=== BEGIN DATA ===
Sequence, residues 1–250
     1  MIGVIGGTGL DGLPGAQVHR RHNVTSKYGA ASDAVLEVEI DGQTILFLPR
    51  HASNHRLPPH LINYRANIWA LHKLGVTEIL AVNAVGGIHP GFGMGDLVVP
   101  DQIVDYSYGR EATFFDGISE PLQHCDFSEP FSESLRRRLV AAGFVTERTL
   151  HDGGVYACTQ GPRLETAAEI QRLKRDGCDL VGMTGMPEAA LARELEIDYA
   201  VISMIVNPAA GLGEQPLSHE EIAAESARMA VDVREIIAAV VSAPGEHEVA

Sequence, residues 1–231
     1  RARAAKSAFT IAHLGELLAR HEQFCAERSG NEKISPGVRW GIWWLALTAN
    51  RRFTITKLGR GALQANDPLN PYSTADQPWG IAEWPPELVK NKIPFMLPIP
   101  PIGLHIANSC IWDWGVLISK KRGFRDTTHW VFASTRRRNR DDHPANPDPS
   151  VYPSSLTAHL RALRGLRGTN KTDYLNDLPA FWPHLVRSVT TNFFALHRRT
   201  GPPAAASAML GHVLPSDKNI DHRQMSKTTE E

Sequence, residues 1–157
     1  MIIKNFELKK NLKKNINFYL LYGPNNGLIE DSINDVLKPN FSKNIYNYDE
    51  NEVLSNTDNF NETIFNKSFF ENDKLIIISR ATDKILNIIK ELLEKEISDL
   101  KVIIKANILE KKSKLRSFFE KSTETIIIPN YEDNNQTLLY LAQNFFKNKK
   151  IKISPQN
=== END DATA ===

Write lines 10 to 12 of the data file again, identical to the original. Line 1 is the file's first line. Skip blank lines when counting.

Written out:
   101  PIGLHIANSC IWDWGVLISK KRGFRDTTHW VFASTRRRNR DDHPANPDPS
   151  VYPSSLTAHL RALRGLRGTN KTDYLNDLPA FWPHLVRSVT TNFFALHRRT
   201  GPPAAASAML GHVLPSDKNI DHRQMSKTTE E